So why bother?
A fictional (but true-to-life) case study
There’s no doubt that most financial institutions are pretty quick at refunding you first, and then asking questions later if you unexpectedly lose money from your account – MOST of the time.
Strangely enough, it’s often not the banks, nor the money involved in a financial scam that causes you the greatest worry.
Let’s take a look at ShabbyMedia Inc, a fictional business caught-up in an all-too-real event…
ShabbyMedia has more than 10m subscribers to its social media platform. Tucked-away in its databases are the usual mix of email addresses, usernames, passwords, names, addresses, likes, dislikes, posts, educational history, employment history etc etc – all the stuff that many of us are willing to share with “trusted” providers of social media platforms.
In March this year, ShabbyMedia discovered some “unusual activity” on its servers and contacted its entire userbase telling them that:
“out of an abundance of caution we have reset everyone’s passwords and urge you to consider doing the same across all your other online accounts.”
They were forensically investigating what this “unusual activity” was and would let their users know as soon they found out more.
As it happened, they were able to go back to all their users at the end of April, when their exhaustive investigations had concluded, with the reassuring news that:
“although it appears that ‘outside agents’ had indeed gained illicit access to a very small part of our network, only approx 350,000 users had had their details compromised, and that it looked like it was only their usernames, passwords and other non-financial data.
We have already contacted those affected in that way to help them remedy their situation.”
Cue huge sigh of relief and everyone moves on (particularly if you’re not in the 350,000 right?) …
But let’s just consider what those numbers actually mean and what the very real and on-going effects actually were …
The real-world implications for the 350,000
If you were one of those unlucky 350,000 to have had your details compromised, your first thought would probably have been something like …
So let’s follow that process and see how it plays out with some reasonable estimates along the way…
350,000 breached accounts becomes almost 1.9m in reality
- “I don’t use silly passwords like password1234”
- “What have I got that anyone would want to steal anyway?”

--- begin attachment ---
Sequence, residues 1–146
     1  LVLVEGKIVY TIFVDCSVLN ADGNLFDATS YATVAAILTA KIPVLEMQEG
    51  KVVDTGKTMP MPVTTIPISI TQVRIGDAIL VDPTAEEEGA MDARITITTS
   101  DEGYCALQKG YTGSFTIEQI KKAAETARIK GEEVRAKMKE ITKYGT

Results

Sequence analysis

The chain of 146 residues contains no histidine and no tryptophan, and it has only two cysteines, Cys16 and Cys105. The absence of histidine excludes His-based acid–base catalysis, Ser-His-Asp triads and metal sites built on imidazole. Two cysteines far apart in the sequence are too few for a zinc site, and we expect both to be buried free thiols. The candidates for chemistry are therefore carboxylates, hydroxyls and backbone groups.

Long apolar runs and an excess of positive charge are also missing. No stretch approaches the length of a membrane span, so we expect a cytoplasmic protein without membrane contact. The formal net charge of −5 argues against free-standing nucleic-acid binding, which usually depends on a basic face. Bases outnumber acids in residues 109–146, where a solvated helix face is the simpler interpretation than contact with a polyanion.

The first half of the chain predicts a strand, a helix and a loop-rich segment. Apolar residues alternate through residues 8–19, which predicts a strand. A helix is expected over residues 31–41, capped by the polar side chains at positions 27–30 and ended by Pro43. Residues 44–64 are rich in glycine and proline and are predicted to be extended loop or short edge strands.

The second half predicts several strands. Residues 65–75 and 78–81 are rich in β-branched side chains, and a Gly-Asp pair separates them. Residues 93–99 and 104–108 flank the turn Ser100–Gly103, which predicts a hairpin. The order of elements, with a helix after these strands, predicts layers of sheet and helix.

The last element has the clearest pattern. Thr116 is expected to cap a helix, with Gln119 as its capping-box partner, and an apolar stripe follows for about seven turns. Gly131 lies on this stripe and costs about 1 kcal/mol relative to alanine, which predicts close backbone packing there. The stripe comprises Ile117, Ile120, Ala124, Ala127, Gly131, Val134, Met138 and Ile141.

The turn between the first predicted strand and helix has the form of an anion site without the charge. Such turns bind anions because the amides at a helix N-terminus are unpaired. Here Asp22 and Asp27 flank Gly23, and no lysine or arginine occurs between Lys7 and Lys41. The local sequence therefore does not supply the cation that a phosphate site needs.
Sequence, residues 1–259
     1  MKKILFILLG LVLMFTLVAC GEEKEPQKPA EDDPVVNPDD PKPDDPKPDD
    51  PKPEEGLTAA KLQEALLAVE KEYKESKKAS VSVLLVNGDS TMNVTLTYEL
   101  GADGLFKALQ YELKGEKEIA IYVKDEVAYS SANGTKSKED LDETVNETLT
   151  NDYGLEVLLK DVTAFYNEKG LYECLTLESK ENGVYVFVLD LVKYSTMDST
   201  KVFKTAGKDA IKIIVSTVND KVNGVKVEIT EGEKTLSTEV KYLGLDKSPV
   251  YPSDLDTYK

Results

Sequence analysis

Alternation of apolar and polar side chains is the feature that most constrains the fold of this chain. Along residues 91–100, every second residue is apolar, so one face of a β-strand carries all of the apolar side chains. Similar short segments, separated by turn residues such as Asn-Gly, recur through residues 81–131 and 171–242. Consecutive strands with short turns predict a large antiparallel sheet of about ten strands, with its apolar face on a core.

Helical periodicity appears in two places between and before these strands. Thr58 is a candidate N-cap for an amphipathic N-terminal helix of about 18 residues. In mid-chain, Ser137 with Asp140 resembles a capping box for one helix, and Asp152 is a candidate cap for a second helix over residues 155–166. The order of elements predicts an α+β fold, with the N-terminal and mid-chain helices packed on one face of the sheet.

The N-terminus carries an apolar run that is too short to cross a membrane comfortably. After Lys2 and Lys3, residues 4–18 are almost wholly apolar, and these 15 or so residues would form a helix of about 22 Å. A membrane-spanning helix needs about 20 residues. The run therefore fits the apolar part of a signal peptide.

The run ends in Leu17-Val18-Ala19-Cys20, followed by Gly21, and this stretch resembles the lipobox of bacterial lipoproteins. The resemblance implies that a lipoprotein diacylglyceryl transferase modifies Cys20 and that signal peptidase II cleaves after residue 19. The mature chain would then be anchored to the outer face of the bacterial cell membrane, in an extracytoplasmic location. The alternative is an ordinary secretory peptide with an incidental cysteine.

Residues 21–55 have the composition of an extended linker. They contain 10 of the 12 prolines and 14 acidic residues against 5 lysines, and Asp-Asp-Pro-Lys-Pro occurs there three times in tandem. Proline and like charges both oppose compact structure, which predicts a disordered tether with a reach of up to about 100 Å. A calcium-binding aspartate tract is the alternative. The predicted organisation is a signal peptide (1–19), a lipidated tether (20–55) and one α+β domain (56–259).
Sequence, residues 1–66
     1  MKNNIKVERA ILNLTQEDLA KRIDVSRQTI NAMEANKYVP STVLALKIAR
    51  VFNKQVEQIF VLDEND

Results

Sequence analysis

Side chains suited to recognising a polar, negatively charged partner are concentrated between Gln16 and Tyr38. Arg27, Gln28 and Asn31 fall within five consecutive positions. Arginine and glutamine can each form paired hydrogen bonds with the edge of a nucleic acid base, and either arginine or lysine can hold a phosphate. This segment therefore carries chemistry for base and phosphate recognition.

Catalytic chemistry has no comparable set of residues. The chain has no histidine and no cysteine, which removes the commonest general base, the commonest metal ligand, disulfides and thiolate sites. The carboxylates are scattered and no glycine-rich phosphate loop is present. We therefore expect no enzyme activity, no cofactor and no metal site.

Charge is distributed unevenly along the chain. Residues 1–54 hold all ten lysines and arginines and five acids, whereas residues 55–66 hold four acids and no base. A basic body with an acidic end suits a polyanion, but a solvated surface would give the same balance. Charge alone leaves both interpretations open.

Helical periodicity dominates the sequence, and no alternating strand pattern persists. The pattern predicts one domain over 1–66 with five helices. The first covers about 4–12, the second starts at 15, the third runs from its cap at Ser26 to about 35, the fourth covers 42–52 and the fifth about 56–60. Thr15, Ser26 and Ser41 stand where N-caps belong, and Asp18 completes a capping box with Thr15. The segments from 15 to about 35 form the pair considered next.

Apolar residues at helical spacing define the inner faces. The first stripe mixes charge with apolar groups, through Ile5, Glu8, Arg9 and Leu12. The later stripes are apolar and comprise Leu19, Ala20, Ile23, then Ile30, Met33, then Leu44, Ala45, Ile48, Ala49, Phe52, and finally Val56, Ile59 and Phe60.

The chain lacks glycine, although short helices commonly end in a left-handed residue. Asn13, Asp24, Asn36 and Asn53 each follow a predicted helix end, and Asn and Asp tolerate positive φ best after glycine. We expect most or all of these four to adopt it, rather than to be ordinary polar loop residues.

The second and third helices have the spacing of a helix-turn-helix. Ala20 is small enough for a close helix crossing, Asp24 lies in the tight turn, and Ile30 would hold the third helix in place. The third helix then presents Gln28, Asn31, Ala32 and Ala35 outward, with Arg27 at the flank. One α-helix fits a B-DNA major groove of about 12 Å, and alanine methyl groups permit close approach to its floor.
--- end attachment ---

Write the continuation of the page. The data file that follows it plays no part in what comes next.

- “Using different passwords all over the place? It’s too much hassle…”
Most of the time, it’s our own apathy that catches us out, not the fact that our personal details have been accessed without our permission.
It’s also worth bearing in mind that you can’t control whether your details ever get hacked – that’s solely down to those that you entrust them to – like ShabbyMedia.
In today’s world, having our details accessed without our knowledge or permission is just a way of life. It will already have happened to anyone visiting this site, and it will keep on happening.
Even if all you do online is to run one single email account, and you buy things and pay bills by going to the high street or over the phone, all those places – shops, stores, utility companies, banks, mortgage companies, government departments – they all have your details on their databases and it is inevitable that leaks will occur – whether they’re forced by a hacker, or unintended by an employee.
So … why bother?
Because, with a few very simple steps, you can enjoy all the convenience and benefits of the internet and massively reduce the risk of your log-in details and personal data from all different accounts being illegally accessed.
Just 2 simple steps would have limited the damage...
For those 210,000 ShabbyMedia users who re-used their log-ins on other accounts, just 2 simple things would have contained the problem just to their account with ShabbyMedia and kept all their other details elsewhere safe from attack:
By far the biggest help to limiting the damage in this particular case would have been only using one password per site or account or log-in. Re-using the same password – or even similar passwords e.g. “Password1234” and “Password4321” is just as bad as using the same password – alongside using weak (easily guessable) passwords is the one thing that puts you at most risk online.
Making that one single change to unique, strong passwords for each account massively contains the risk of inevitable future breaches and hacks as it would limit the damage to one account only.
If you’re not ready, or are unwilling to commit to one unique, strong password per account then take advantage of multi-factor authentication wherever it is offered.
At least that way, if you absolutely have to re-cycle passwords over a number of accounts, you can rest more easily that there is another barrier to someone simply walking-in and helping themselves to your personal data, money, files, photos or whatever else it might be that’s stored online.